In March 1836 the new steam coining press was first used to strike cent pieces and, as the year progressed, other denominations were added to the roster. By the fall of 1836 only the half dollar was left as the prime candidate for the new technology. Accordingly, Engraver Christian Gobrecht prepared new half dollar dies that were slightly smaller than the old version. At the same time the motto E PLURIBUS UNUM was removed as Director Patterson considered this superfluous.

The new reeded-edge half dollar coinage had originally been scheduled to begin during the first week of October but technical difficulties, perhaps the ejection of the struck coin from the collar, had prevented this from happening. Director Patterson then set a new date of early November 1836 and this was in fact carried out. On Nov. 8 Patterson sent 20 business-strike specimens of the new coinage to Treasury Secretary Levi Woodbury for inspection, but it was understood that President Andrew Jackson was also to offer his opinion. Both men approved.

Technical difficulties once more intervened and within a few days Chief Coiner Adam Eckfeldt reported that the problems were serious enough that he would be forced to return to the screw press and lettered-edge half dollars. The director reluctantly agreed, but also stipulated that the reeded-edge pieces were to be coined as often as possible.

Unfortunately the existing Mint records do not give a breakdown of reeded edge versus lettered edge for November and December 1836. At that time deliveries of silver coin were made on a monthly basis and for December 1836 the coiner delivered 1,034,200 half dollars. This figure was the basis for Walter Breen’s estimate that 1,200 reeded-edge half dollars had been made.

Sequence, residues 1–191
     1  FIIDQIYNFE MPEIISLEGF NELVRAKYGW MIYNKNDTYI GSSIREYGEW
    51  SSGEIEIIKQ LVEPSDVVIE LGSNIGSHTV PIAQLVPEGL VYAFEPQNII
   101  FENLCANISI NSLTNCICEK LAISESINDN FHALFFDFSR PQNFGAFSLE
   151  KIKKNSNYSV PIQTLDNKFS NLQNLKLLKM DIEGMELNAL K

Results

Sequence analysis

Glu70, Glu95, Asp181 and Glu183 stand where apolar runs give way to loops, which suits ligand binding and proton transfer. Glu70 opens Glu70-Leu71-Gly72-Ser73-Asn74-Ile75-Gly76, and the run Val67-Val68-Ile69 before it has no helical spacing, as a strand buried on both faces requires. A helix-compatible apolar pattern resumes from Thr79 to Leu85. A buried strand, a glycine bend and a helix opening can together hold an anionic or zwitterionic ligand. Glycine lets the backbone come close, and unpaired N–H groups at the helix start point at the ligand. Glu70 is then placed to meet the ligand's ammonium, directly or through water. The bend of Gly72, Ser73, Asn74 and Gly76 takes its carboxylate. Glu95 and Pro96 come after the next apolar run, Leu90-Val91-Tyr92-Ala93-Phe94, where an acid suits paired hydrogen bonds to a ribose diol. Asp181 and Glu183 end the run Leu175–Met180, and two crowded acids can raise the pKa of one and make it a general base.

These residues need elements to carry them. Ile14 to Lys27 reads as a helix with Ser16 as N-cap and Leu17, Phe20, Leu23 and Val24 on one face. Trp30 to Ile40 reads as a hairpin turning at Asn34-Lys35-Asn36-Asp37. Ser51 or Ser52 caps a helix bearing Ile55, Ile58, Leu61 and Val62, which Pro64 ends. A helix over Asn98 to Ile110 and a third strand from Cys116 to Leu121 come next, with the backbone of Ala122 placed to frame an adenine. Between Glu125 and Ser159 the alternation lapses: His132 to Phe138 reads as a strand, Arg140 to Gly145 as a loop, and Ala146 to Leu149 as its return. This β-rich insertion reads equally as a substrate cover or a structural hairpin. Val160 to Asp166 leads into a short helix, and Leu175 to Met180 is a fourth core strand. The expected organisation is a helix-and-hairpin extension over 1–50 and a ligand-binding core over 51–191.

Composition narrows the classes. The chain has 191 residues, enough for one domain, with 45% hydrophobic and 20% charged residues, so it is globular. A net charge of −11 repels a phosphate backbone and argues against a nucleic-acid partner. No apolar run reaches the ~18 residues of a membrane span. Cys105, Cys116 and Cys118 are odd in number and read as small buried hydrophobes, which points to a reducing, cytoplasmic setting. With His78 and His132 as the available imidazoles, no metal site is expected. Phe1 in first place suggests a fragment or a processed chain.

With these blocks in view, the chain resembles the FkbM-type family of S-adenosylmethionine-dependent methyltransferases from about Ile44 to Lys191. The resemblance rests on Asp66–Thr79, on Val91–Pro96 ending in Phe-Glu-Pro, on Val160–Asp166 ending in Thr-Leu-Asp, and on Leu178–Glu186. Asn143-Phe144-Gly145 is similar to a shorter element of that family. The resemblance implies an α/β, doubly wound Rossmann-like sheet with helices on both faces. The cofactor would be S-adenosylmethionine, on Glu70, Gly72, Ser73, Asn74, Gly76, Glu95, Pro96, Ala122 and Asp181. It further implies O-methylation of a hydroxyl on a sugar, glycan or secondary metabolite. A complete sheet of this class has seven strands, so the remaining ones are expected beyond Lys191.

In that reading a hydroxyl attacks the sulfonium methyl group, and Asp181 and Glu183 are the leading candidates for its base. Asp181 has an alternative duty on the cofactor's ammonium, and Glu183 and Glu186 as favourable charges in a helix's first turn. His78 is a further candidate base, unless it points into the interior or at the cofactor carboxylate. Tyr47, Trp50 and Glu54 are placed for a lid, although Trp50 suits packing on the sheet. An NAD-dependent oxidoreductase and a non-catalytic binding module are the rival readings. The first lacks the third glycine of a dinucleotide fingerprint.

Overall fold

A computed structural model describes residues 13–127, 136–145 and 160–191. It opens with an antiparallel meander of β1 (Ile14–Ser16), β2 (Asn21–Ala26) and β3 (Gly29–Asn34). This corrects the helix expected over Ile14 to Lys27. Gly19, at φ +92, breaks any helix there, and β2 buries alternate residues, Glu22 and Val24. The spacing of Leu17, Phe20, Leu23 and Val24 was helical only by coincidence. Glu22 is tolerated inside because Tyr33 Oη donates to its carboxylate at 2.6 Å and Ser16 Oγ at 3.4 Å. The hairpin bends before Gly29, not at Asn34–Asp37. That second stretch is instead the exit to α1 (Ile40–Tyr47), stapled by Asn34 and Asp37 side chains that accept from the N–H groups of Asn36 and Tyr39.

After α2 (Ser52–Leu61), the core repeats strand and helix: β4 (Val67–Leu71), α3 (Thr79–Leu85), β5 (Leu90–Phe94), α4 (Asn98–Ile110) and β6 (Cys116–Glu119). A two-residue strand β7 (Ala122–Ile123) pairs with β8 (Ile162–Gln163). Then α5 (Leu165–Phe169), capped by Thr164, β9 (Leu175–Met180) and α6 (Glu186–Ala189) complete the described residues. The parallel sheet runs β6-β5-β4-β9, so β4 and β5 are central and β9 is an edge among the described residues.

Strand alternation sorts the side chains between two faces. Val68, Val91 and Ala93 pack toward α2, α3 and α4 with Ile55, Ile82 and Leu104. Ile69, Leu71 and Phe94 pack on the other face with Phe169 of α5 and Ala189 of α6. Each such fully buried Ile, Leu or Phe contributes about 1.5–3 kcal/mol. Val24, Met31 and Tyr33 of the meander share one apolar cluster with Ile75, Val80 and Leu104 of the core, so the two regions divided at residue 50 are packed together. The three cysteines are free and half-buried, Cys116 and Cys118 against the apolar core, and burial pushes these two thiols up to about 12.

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We do not, and perhaps never will, know the true amount of coinage for the reeded-edge pieces but 1,200 is clearly too low, considering that several auctions have been seen that offer more than one piece. In the opinion of this writer a figure of 5,000 may be much closer to the mark.

Walter Breen, in his early work on this coin, also misunderstood how the law worked and thought that the reeded-edge coins of 1836 were actually coined under the provisions of a new law passed in January 1837. Until January 1837 the legal standard for the half dollar, under the original law of April 1792, was 208 grains, .8924 fineness. In early 1837 this was changed to 206.25 grains, .900 fine.

All 1836 half dollars were struck under the 1792 law and this included the reeded-edge coins. This does not seem to be well understood.

The 1836 reeded-edge half dollar is therefore in a special class of its own. It is the only half dollar struck under the 1792 law with the new edge and legal fineness. The 1837 half dollars of the same design, on the other hand, were coined under the 1837 law and are .900 fine.